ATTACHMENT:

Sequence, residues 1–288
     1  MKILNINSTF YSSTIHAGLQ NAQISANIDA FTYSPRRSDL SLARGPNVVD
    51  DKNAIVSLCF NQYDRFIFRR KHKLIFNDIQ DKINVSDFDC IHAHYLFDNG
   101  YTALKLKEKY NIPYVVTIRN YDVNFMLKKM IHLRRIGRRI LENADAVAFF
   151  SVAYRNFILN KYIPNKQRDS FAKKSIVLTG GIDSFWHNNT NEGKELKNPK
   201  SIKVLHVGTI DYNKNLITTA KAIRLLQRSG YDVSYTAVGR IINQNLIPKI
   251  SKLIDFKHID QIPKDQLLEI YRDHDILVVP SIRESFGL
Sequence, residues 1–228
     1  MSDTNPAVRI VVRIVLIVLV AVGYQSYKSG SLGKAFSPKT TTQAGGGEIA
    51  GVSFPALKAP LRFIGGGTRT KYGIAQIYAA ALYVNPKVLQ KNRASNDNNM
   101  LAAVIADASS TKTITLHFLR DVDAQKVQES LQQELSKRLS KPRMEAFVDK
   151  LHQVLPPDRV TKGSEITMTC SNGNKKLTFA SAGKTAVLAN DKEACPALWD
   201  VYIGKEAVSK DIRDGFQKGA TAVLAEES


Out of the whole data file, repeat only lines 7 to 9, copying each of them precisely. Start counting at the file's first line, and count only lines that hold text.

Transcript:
   251  SKLIDFKHID QIPKDQLLEI YRDHDILVVP SIRESFGL
Sequence, residues 1–228
     1  MSDTNPAVRI VVRIVLIVLV AVGYQSYKSG SLGKAFSPKT TTQAGGGEIA